We’re asking writers we admire to write for us, and we’ll be releasing their posts monthly throughout 2021.
We asked Elizabeth Lee, a writer of historical fiction who lives in Warwickshire, to write this month’s blog.
“August has been a month of sunlight and storms, both literal and figurative.
“As I walk the canals and fields I’m lucky enough to live by, the air is sometimes bright and hot, sweet with pollen and busy with insects, sometimes filled with needle-sharp rain and biting winds. Always, somewhere, the shouts and laughter of children enjoying freedom from school can be heard.
“On a larger scale, the news feels like a series of earthquakes. I wonder whether we will, like the children preparing for a new school year as summer wanes, at last be shaken from lethargy and compelled to act. As wildfires rage in Greece and Turkey, we are warned that this planet we are the custodians of teeters on the brink of a disaster of our own making. We watch the terrible, terrifying events in Afghanistan take place. In my own home, we celebrate GCSE results that enable the next step on a journey. Exciting times, full of possibility and hope. Nationally, more students than ever end a difficult year by celebrating good results. But there is also a growing gap between North and South, between state and private schools. Those already at a disadvantage have been further failed in the Covid crisis.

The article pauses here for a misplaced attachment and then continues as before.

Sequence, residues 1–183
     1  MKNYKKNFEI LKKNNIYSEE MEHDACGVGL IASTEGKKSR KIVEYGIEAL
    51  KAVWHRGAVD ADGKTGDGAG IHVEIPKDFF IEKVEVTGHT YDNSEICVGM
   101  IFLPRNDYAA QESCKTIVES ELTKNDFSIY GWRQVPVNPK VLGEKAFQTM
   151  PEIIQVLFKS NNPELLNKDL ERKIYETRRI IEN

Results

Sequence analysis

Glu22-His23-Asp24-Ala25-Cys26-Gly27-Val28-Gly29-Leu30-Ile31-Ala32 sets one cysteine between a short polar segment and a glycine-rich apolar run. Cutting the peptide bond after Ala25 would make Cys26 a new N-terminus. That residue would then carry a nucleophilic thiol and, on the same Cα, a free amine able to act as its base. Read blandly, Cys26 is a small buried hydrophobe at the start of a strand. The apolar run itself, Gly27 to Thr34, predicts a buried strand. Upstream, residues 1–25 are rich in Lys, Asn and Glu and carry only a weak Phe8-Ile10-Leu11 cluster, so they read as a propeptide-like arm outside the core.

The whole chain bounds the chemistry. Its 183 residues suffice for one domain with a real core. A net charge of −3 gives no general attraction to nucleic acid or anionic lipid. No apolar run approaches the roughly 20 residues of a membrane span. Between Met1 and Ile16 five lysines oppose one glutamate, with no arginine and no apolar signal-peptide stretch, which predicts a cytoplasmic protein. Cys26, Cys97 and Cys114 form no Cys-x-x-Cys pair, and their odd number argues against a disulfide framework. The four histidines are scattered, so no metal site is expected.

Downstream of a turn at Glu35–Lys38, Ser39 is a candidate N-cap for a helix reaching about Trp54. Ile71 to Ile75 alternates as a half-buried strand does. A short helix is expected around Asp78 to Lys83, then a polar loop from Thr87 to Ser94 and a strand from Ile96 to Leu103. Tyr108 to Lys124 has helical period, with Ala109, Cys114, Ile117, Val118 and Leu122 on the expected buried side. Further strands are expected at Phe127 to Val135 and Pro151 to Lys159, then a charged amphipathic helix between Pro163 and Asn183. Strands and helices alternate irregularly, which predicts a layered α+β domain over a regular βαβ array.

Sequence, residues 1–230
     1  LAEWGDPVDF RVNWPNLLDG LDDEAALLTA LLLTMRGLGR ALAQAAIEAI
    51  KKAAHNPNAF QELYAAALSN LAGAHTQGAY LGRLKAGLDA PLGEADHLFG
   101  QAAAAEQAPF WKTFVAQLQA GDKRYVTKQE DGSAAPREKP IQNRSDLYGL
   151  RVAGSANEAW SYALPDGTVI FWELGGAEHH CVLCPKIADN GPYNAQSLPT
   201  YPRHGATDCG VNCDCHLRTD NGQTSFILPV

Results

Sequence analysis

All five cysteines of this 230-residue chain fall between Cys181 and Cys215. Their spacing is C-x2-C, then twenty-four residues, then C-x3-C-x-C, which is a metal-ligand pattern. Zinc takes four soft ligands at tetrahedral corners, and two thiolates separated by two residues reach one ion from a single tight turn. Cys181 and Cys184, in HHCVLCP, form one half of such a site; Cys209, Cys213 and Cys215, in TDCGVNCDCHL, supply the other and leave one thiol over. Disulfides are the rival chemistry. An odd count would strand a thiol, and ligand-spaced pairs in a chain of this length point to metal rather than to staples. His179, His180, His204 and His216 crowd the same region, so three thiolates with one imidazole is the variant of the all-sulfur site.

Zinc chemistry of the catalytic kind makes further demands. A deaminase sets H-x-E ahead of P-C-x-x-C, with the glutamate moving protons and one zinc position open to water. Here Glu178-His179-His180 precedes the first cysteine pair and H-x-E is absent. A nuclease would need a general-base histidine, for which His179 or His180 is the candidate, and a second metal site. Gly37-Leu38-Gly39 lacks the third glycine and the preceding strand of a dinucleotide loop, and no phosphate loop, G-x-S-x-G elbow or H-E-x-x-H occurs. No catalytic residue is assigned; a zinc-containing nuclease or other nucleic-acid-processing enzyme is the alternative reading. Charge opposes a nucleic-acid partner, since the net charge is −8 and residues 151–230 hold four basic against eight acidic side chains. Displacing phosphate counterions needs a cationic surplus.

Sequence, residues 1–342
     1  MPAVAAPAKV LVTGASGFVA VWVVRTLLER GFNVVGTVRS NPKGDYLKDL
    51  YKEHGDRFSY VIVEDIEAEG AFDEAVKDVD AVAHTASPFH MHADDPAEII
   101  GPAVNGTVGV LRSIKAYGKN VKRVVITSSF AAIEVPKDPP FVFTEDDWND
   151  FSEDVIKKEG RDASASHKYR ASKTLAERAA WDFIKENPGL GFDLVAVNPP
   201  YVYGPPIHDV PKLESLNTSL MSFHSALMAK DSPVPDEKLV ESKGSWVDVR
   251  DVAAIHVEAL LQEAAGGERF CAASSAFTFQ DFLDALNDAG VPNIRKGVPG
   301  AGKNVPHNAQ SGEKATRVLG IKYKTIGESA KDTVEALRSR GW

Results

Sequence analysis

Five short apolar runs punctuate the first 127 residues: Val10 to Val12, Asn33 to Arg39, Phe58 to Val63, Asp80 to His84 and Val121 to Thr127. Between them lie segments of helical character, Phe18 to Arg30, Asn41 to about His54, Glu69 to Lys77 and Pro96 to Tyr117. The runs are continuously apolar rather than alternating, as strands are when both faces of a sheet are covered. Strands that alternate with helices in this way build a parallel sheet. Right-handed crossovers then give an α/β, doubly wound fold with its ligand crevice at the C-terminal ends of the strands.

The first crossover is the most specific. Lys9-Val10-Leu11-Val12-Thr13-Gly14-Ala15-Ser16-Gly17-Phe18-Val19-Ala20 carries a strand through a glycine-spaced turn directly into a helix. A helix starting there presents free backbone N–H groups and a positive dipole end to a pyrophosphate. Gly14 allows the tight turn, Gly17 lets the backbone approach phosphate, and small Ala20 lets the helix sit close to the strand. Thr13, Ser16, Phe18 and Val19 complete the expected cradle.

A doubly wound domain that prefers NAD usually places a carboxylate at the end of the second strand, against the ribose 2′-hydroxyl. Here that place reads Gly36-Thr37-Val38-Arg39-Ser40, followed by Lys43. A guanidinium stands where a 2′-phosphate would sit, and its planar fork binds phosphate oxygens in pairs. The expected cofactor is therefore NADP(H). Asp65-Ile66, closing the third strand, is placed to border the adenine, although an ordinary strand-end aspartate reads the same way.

“But there is also hope. Most of the adult population are now vaccinated against Covid, and we tentatively break free from the past months of isolation and fear. The world might be changed. But it is still here.
“Personally, I’m emerging from a post-publication haze as my debut novel was published in April. The fulfilment of a life-long dream that still has me pinching myself, and giving thanks for every piece of luck that passed my way. Set in 17th Century Lancashire, the book is a tale of persecution and superstition, but also one of love, in all its forms. Between parents and children, between siblings, between a man and a woman. Turning my mind to a new project, similar themes emerge; a historical setting that explores the struggle of those trapped by poverty and prejudice. But there is kindness to be found in the chaos. There is hope.
“These themes remain relevant, I think, to our world today. A world where women are raising their voices to say Me Too. A world that must address structural racism and respond to calls for collective action on climate change. Where Covid highlighted the danger of isolation, and the importance of community. But there is always sunlight in among the storms, there is always kindness in the chaos, and perhaps we will turn with new vigour, like a child returning to school in September, to protecting this world and valuing all that live in it equally.”
What I’m reading:
The Offset by Calder Szewczak, out in September from Angry Robot.